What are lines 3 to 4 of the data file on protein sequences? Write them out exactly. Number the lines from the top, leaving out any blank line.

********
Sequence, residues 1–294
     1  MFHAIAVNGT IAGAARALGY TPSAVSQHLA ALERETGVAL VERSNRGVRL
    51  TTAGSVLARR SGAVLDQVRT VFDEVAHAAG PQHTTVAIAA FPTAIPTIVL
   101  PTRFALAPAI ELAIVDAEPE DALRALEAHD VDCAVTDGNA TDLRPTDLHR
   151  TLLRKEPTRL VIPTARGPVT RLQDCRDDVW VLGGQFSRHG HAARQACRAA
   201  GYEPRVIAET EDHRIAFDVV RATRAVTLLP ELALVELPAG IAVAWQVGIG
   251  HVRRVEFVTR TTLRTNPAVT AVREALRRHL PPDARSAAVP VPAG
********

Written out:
    51  TTAGSVLARR SGAVLDQVRT VFDEVAHAAG PQHTTVAIAA FPTAIPTIVL
   101  PTRFALAPAI ELAIVDAEPE DALRALEAHD VDCAVTDGNA TDLRPTDLHR